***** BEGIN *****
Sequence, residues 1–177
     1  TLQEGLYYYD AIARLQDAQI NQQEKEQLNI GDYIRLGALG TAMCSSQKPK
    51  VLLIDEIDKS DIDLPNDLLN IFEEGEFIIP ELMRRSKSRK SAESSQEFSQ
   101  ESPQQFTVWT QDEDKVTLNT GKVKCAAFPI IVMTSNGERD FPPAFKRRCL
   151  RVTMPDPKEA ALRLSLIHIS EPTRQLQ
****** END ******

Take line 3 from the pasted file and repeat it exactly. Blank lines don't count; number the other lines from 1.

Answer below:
    51  VLLIDEIDKS DIDLPNDLLN IFEEGEFIIP ELMRRSKSRK SAESSQEFSQ